Sunday , July 14 2024

What Animals See In Color? Which Animals May Surprise You

The color vision of some animals is good. Some animals, such as monkeys, ground squirrels, birds, insects, and fish, can see a wide range of colors. There are times when it is not as good as what we humans see, but it is much better than cats and dogs.

There are different kinds of color vision in different animals.  Some animals have a poor color vision while others have excellent color vision. There are some birds and bees that have super color vision, which is why they can see colors that humans cannot.

The ability to see colors helps animals find food on land or in water. The ability to distinguish between ripe red fruits and unripe green fruits requires good color vision in land animals. When animals mate, colors can also make them more attractive to each other. Finally, animals can identify predators (other animals that might attack them) with the help of their ability to see colors.

Can Animals See In Color?

Scientists believe that many if not most animals see in color, despite the question being broad considering there are millions of animal species, including insects. For simplicity, it is sometimes suggested that most diurnal animals see in color, while the majority of nocturnal animals do not, but there are exceptions even here.

Dogs And Cats See Fewer Colors But Have A Wider Field Of Vision, And They See Better At Night

Dogs have only two color-receptor cones, as opposed to three in humans, which is why they cannot perceive red. There is no question that dogs see fewer colors than we do, but they are not colorblind. They only see shades of blue and yellow. This is also true for cats, as well as for most mammals in general.

Even though we see more colors than they do, dogs and cats have more rods than us, making them better at seeing at night. Don’t forget that humans don’t lead the color-vision food chain either.

A Few Insects Are Capable Of Seeing In Ultraviolet Light

Since humans have three cone-shaped color-receptor cells in their eyes, we tend to think we can see all the colors. In truth, other animals see far more colors and have more cones than we do.

Bees and butterflies, for instance, possess four cones that sense color. They can see a wide range of colors, including ultraviolet colors. However, they are not very good at seeing fine detail. These photoreceptors in their eyes enable them to do this because many varieties of flowers have ultraviolet patterns on their petals that work as a runway, directing the bees and butterflies to the nectar they are searching for.

Animals may also use these extra color receptors for warning coloration (which is when they display bright patterns or colors to ward off predators).

Snakes Can See With Thermal Sensing

The snake family known as pit vipers includes pythons, boas, rattlesnakes, and other species that are able to see infrared, which allows them to detect heat signatures (referred to as thermal sensing). Their eyes and nostrils have evolved special pits that are capable of detecting minute temperature changes, which allows snakes to detect warm bodies even in the dark. Their infrared vision is so good that they can detect prey at distances of up to one meter, and they are able to detect changes in temperature down to 0.002 degrees centigrade.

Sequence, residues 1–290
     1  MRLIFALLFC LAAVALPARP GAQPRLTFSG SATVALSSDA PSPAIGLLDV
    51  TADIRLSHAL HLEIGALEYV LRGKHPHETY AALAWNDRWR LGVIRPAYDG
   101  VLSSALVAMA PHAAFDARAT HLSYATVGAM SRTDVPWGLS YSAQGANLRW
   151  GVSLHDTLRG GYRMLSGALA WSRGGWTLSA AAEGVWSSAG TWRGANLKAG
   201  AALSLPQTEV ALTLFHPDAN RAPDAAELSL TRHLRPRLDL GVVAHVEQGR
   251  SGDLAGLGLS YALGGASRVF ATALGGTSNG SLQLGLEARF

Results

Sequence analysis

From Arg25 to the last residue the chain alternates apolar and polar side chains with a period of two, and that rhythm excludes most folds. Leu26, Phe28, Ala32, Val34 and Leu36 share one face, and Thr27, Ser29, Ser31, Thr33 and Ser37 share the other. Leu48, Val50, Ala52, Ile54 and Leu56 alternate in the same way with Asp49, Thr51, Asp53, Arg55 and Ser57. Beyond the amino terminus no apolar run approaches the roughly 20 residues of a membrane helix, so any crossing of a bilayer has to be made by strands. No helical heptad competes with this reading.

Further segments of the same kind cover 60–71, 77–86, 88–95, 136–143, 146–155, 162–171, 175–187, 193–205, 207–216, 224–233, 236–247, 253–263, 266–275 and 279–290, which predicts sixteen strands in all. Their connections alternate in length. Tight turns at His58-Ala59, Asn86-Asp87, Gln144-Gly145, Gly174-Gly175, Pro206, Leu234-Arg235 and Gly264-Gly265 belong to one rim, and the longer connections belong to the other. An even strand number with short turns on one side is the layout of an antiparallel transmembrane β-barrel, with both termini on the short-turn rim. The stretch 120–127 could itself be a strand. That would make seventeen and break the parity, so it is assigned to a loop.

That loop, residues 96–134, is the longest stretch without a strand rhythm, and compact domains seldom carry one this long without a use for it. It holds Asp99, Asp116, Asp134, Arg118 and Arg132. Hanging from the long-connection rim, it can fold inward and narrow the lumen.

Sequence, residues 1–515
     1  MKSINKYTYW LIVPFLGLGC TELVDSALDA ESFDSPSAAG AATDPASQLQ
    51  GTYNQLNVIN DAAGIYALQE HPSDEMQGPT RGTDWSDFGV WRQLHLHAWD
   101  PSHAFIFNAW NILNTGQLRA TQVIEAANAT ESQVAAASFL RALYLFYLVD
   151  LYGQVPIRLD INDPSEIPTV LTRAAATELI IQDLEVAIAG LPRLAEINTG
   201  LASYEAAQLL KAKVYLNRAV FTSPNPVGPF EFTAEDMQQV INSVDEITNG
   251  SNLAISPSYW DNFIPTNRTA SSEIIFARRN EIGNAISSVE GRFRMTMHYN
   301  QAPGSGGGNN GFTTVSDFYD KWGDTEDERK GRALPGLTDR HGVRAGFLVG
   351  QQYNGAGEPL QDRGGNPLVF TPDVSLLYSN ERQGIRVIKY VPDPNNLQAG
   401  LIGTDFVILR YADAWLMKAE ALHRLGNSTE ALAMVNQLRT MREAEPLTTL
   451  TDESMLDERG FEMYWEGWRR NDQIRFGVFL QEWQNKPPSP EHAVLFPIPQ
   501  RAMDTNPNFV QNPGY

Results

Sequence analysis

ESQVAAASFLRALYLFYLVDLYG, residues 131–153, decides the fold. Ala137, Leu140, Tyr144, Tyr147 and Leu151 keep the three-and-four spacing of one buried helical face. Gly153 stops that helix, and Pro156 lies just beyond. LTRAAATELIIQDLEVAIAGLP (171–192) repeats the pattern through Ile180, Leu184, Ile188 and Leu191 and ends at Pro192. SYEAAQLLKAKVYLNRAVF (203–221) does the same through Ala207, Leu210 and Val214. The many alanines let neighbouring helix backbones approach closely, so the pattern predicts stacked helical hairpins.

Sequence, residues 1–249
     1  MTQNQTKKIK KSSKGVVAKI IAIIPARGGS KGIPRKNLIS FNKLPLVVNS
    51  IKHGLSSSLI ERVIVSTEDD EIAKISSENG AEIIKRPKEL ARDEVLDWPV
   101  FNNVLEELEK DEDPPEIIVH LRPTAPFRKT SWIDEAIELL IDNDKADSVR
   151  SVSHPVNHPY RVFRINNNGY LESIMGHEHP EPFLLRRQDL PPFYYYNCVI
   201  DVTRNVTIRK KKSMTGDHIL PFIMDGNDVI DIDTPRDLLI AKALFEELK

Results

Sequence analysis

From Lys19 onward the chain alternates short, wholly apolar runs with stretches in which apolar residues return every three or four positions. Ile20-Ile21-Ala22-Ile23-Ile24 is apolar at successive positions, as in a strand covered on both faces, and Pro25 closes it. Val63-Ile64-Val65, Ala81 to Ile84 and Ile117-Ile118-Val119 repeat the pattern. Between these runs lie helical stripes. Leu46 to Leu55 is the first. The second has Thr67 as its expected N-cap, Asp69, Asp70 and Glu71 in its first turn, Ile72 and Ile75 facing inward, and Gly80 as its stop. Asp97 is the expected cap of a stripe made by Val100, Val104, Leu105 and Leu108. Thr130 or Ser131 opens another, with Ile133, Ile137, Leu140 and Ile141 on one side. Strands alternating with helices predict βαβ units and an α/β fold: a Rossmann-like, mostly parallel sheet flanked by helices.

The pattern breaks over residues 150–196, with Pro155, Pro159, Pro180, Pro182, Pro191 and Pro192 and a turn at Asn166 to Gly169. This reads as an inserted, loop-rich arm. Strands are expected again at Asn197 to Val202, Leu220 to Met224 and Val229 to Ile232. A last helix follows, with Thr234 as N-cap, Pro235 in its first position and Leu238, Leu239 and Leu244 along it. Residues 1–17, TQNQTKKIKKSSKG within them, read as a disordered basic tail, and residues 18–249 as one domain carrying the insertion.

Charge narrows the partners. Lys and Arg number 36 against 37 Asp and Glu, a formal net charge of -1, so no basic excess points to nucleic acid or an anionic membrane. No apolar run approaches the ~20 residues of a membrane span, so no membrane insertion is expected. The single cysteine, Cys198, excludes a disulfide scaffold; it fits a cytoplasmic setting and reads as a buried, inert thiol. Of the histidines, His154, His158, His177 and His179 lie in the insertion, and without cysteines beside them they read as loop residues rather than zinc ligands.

Night Vision Is An Ability Some Animals Have (Unlike Humans)

At a light level darker than half-moonlight, the human eye’s color receptor cones stop working. By using the rods in our eyes instead of the cones, we can still see, but only in shades of gray. Evolutionarily, this makes sense for humans, but other animals still need to see colors at night.

Geckos, for instance, have evolved eyes that are up to 350 times more sensitive to color at night than ours. For geckos, this is particularly important since their eyes do not have rods at all, so the cones in their eyes have evolved to be similar to rods: longer and more sensitive.

The elephant hawkmoth, which can detect flowers by color as well as its butterfly cousins can during the day, and several species of nocturnal woolly lemurs, which can identify a particular shade of green that may indicate young leaves with the most protein, are other animals that can see color at night.

The Mantis Shrimp Has The Ability To See More Colors Than Any Other Animal

Finally, we reach the king of the color-seeking kingdom: the mantis shrimp.

The mantis shrimp has 16 color-receptive cones, compared to humans’ meager three, which means it detects ten times more colors than humans, and probably more colors than any other animal on Earth! UV, infrared, and polarized light are all visible to them. Furthermore, their eyes move independently of one another and are located on separate stalks. This means they are able to watch out for predators and prey in two directions at once, and in colors we can’t even comprehend.

Besides having the most incredible sense of color on earth, mantis shrimp are also horribly deadly: their club-like appendages (like a praying mantis’), folded underneath their bodies, can strike at the speed 50 times faster than the blink of an eye.


Although it might be true that animals we are most likely to associate with don’t enjoy the same spectrum of colors as humans do, many diurnal animals are able to see color to some degree. Hence, the next time you find yourself walking through the aisles of your favorite pet store with your pets in mind, you might prefer something in a pretty, bright shade of blue or yellow over the red, green, and orange toys.

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